Sep 26, 2010

Ang ku kuih (紅龜馃)

My dad makes great tasting traditional snacks.. he used to help my grandmother make snacks for sale while he was in primary school.. while my other uncles were tasked to do the selling by walking around the neighborhood.. one of the really tasty traditional snacks that my dad knows how to make is ang ku kueh (紅龜馃), which translated word by word means "red tortoise cake" in Hokkien dialect..

I would never buy any ang ku kueh from the shops as I have yet to find any that comes close to the tastiness of those that my dad made.. Once you tasted the best, you won't want to compromise.. :p What is usually being sold nowadays uses either sweet potato paste, red bean paste or shredded coconut for its fillings, instead of the traditional green bean paste.. and the skin is usually horribly thick and hard..

Two week ago, my dad decided to make some ang ku kueh.. and I am more than happy to learn from him as these are some of the traditions that we must not allow to disappear.. and it is never a bad thing to learn another good tasting snacks, especially if it is my grandmother's recipe!! ;)

Main ingredients needed:
- Dehulled Mung beans (or known as green beans locally) for the fillings
- glutinous rice flour for the dough
- some banana leaves
- red food dye
with enough sugar, oil, water to make the dough (the skin) and the bean paste..

Of course, how could we forget about the mold!! My dad has 4 molds and one of them belonged to my grandmother.. which makes it more than 50 years old!! 

- Soak the dehulled mung beans for 6 to 8 hours.
- Steam it by placing them on a piece of white cloth in a bamboo tray over some water.
- Smash the cooked beans. My dad uses a rolling pin instead of a blender as the blended version somehow doesn't seemed fine enough.
- Cook the smashed beans over slow fire with sugar water, and add in a few pandan leaves to enhance the fragrance.  Keep on stirring until it thickens into a paste.
- Once cool enough, roll the paste into small balls.
- Wash the banana leaves and cut them into sizes.
- Make the dough using glutinous rice flour, water and oil. Add in the some red food dye.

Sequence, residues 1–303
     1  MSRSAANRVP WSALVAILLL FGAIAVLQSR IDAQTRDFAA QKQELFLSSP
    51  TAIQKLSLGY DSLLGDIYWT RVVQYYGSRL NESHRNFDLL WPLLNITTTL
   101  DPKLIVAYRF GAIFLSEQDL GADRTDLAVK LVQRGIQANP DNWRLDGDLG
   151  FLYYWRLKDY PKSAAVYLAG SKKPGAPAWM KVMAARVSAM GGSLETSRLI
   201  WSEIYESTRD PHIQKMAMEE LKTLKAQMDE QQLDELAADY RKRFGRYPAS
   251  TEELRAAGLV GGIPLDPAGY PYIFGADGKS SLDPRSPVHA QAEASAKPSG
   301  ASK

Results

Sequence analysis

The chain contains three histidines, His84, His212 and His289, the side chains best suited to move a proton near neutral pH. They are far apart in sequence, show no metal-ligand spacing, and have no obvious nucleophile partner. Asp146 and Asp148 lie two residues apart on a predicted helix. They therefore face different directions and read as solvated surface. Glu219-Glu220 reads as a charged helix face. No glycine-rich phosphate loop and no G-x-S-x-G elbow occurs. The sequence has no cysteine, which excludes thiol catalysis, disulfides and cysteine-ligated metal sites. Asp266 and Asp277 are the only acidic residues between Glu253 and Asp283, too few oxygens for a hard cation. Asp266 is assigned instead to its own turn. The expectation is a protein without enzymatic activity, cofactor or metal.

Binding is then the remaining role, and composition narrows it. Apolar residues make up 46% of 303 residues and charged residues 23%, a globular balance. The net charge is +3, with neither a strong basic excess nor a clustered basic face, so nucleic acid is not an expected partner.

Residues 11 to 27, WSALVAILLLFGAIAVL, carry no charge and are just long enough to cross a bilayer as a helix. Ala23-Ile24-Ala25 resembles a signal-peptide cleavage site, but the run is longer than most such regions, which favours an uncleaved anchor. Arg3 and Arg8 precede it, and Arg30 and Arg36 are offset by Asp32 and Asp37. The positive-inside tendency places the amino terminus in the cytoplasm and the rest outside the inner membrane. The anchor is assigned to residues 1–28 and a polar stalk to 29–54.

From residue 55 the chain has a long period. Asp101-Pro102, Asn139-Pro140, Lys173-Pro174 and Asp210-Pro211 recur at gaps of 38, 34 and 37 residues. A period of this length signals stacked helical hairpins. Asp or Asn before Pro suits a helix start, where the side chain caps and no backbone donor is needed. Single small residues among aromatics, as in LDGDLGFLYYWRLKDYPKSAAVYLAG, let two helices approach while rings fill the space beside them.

- Take some dough, roll it into a ball, flatten it and wrap a ball of green bean paste into it.
- Dusk some flour into the mold.
- Place the rolled ball of dough and green bean paste into the mold and press it evenly.
- Put a piece of banana leave over it.
- Overturn it and knock it out gently. Place them into a (bamboo) tray.
- Steam them for about 5-10 minutes. Brush some oil on top of them before they get cold.
And Voila!! :)

Just a side note, my dad bought the wrong "shade" of red for the food dye.. so they kinda turned out more pinkish than reddish.. :p

According to my dad, there are other shapes than just the usual oval ones. People used to give ang ku kueh to relatives and friends to celebrate the first month of their babies. Just by looking at the shapes of the ang ku kueh given, relatives and friends would instantly know the gender of the newborn..

For baby boys, the proud parents will give these.. Oval ones and long ones, together with some hard-boiled eggs.. all in red color.. the color of celebration and auspiciousness for Chinese..
For baby girls, it will be the oval ones and the peaches instead of the long ones..
Anyway, this time round, I was more of an observer than actually trying my hand at making it.. So I will definitely ask my dad to let me do it the next time..  :) Can't wait to learn more of these traditional snacks.. :) :) :)

No comments: